Plants Outside the Box

Recently I was looking at the Truckee Meadows Water Authority’s water-efficient plant list ( and found some plants with which I was unfamiliar. I always like broadening my plant palette, so I looked them up.

Amorpha canescens or ironplant is in the Pea family. This shrub is native to the Great Plains west into Wyoming and Montana. Not only does it tolerate temperatures to minus 38 degrees, it is also drought and fire tolerant. It requires little fertilization and is adapted to sandy to loamy soils. It has purple flowers with whitish to grey-green leaves. It grows to about 3 feet in height. Leadplant has a deep branching root system, so it is good for erosion control. For the best flower production, full sun is best.

Chamaebatiaria millefolium, fernbush or desert sweet, is a cousin to the rose. Grown in full sun, this Nevada native plant can reach 6 feet in height. White flowers bloom in midsummer on plants covered with sweet-smelling fernlike leaves. It grows well in gravelly soils with good drainage. It too tolerates drought.

I love lilacs and saw Japanese lilac tree, Syringa reticulata, on the list. This relative of the olive can be grown in full sun as a large shrub or trained as a single-stemmed tree that can grow to 25 feet tall. Its leaves are 4 to 5 inches long, and it has showy white flowers 4 to 12 inches long. The bark is a cherry-like reddish brown. It attracts birds and bees. It thrives in most soils. It does require regular water; otherwise, treat it as any other lilac, which means low maintenance. It will tolerate temperatures down to minus 35 degrees.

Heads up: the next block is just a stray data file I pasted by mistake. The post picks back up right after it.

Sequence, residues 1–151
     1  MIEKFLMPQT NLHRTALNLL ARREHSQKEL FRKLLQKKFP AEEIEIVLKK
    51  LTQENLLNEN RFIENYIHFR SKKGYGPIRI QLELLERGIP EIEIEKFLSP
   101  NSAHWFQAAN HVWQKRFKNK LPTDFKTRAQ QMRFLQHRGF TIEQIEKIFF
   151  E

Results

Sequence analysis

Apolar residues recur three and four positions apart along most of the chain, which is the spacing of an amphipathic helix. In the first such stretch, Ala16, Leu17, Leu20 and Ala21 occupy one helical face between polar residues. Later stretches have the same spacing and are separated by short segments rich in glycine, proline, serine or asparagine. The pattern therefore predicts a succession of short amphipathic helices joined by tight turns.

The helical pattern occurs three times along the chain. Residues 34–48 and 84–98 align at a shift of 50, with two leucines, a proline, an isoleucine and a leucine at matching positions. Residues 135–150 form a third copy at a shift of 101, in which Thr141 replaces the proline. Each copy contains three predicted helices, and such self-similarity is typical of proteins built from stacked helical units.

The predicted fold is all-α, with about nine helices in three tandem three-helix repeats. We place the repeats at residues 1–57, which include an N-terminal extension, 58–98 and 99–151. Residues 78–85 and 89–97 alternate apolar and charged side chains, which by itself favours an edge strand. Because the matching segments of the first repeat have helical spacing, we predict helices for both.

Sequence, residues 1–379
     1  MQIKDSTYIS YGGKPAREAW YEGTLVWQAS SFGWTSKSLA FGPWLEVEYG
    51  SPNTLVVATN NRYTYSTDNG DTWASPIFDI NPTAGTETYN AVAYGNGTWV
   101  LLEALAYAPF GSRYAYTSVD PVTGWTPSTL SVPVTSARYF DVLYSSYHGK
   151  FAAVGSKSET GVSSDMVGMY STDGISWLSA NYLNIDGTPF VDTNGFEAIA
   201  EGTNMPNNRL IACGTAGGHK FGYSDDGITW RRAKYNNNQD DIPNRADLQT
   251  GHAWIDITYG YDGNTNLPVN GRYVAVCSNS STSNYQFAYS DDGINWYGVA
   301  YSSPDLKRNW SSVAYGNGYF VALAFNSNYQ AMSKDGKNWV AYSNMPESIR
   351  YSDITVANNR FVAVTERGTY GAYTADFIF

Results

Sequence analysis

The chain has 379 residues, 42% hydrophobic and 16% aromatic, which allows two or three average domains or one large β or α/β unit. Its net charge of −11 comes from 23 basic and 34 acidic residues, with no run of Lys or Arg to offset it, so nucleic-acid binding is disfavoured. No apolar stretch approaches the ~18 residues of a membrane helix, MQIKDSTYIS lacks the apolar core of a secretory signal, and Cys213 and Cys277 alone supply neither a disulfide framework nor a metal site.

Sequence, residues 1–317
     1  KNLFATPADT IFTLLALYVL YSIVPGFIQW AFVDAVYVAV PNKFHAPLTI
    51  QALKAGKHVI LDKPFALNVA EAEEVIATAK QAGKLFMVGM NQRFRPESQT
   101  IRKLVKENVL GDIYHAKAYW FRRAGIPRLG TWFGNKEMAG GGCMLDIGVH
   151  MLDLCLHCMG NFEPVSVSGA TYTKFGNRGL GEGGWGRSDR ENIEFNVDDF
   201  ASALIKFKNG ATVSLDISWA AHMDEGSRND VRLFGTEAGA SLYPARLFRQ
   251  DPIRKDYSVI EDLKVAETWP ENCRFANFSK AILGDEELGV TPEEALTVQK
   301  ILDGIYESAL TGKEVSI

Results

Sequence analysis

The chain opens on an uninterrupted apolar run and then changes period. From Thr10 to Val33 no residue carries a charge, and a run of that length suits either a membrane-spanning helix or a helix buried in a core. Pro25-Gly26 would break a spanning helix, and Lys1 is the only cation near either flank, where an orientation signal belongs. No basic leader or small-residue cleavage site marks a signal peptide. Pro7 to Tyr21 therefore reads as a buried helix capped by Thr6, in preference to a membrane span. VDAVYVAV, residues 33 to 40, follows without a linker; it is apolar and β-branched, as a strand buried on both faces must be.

I had heard of the Amur maackia, Maackia amurensis, but knew little about it. Another member of the Pea family, this relative to the locust is a native of Siberia. The maakia generally grows to 30 feet tall. It is known for its copper-colored peeling bark and pealike creamy flowers. The leaves are dark gray or olive-green. Well-drained soil is essential, but it is salt, drought and cold (minus 35 degrees) tolerant. It is said to have a nice form and works well in home landscapes.

As winter keeps you indoors, explore adding less common plants to your landscape next spring. Check nurseries, catalogs and websites for new ideas. If you purchase plants, buy those that will fit the spot even at maturity, require little water summer or winter, and will tolerate high winds and occasional below zero temperatures.